• Amy Cuthbertson

Benefits of meditation, mindfulness and yoga for pregnancy

Meditation involves focusing your attention for a set period of time, whether it’s on your breath, a mantra (repeated positive phrase) or the present moment. Meditation and other mindfulness-based exercises can have real benefits during pregnancy, including helping to alleviate a range of stresses, fatigue and sleep disturbances, boosts positive feelings and may even help prevent premature birth. It may also lead to healthier newborns with fewer developmental problems down the line.

Whilst stress is completely normal, studies show that prolonged stress may impact the health of your unborn baby. Cortisol and other stress hormones released over a long period of time prompt an inflammatory response that can result in a baby being born early. According to a 1997 study from the British Journal of Psychiatry, long term stress may have far-reaching effects on your child including hyperactivity and developmental problems. Meditation is proven to reduce physical and emotional stresses, enabling you to relax and lower your blood pressure. And the great news is you can do it anywhere, anytime. It can also help treat mild to moderate anxiety or depression during pregnancy. And practicing mindfulness meditation in the second trimester of pregnancy has even been shown, by Scientists at San Jose State University, to improve sleep for pregnant women.

If you include prayers and mantras into your meditation, the Mayo Clinic claims your baby may begin to hear after week 16. Studies link mantra chants and resonant sounds with calmer, happier babies.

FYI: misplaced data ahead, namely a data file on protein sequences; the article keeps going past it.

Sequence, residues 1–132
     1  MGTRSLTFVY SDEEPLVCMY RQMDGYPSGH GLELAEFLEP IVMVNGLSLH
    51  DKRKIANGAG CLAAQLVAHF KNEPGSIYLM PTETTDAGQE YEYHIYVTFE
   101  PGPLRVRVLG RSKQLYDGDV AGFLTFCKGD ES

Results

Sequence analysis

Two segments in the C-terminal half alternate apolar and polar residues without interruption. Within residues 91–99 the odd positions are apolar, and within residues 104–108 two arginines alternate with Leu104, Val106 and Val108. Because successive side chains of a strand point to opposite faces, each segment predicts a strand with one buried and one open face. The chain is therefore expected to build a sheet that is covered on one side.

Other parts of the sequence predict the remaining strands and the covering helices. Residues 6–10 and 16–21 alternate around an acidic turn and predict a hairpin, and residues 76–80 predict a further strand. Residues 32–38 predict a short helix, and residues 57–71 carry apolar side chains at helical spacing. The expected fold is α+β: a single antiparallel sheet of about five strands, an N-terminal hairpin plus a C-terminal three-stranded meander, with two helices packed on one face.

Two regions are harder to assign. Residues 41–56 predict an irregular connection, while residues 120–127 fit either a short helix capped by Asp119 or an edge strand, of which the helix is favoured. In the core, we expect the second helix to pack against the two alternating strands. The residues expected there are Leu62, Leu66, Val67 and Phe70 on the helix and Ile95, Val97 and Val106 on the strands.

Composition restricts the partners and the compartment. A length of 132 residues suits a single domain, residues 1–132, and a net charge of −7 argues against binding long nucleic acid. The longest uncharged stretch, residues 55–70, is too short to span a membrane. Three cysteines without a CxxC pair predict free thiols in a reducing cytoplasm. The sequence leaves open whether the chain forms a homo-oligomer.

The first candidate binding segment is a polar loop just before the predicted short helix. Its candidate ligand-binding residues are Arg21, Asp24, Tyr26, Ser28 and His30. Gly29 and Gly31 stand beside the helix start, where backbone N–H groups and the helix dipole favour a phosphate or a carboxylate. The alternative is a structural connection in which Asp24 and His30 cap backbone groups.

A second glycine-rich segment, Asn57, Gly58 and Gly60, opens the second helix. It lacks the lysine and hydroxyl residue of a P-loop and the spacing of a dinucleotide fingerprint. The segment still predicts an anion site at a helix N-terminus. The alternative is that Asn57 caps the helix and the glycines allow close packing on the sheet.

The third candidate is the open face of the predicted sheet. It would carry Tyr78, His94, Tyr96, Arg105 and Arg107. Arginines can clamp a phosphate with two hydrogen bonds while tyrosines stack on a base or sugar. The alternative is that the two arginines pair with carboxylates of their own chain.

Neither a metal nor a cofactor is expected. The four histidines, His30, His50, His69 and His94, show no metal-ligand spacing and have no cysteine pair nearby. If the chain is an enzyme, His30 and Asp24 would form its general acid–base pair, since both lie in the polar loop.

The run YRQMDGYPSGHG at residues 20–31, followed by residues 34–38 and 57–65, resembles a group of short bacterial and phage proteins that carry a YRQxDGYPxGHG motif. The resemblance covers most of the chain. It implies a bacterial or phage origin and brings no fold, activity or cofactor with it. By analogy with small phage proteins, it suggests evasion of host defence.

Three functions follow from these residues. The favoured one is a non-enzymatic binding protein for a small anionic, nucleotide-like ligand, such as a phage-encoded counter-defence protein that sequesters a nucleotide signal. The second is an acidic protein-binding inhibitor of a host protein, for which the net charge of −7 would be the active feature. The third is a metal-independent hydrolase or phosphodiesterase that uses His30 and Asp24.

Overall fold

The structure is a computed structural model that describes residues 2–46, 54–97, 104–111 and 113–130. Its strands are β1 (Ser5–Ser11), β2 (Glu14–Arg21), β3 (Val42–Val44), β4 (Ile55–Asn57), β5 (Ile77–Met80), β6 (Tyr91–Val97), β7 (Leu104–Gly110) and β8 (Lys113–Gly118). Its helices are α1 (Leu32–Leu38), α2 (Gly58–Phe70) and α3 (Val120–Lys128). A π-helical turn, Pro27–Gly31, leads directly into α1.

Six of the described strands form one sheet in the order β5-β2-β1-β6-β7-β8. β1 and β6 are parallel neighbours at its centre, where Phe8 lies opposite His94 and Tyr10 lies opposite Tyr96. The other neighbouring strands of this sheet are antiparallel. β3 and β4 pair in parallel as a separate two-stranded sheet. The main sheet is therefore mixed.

Studies suggest that meditation may even improve the chances of conception. A University of Western Australia study found women were more likely to conceive when they were tranquil. A study from Trakya University, Turkey, discovered that relaxation meditation can also boost male fertility.

Meditation can also be helpful at reducing the fear of the unknown that goes along with labour. And combining deep breathing with meditation during childbirth can help to soften and relax the central nervous system, potentially even reducing your perceptions of the pain.

There are a number of benefits of yoga for pregnancy. If you are new to yoga, start by taking classes to learn under supervision. It is important to consult your doctor or midwife before starting classes to make sure it is suitable for you and notify the yoga teacher that you are pregnant (check they are suitably trained) so they can best support you. It is best to commence lessons during the second trimester, after approximately 14 weeks, since most miscarriages occur earlier than this, during the first trimester. There’s no evidence that practising yoga in trimester one will harm the baby, but most yoga instructors err on the side of caution. Generally, prenatal, hatha and restorative yoga classes are the best choices for pregnant women. Avoid power styles and those that take place in a hot room as this can be dangerous during pregnancy. If you are at an increased risk of preterm birth or have certain pre-existing medical conditions such as heart disease, then your doctor may advise against it.

Yoga promotes relaxation which can ease stress, reduce anxiety and depression, which is better for your health and the health of the baby. Yoga can improve the duration and quality of sleep, which can be interrupted during pregnancy. It also increases flexibility, which enables yoga mums to adopt various positions in labour. Their ligaments will also be more supple, which can help alleviate labour pain. Pregnancy yoga bending and stretching improves circulation and helps with retention of fluid. Yoga stretches and lengthens the spine and opens your shoulders, improving your posture. This can help ease back problems, which can be common in pregnant women. It also helps pregnant women prepare for birth through enhanced breath and body awareness and reduced anxiety.

Postnatal yoga, that can commence about six weeks postpartum, continues to have benefits through strengthening abdominal and pelvic floor muscles.

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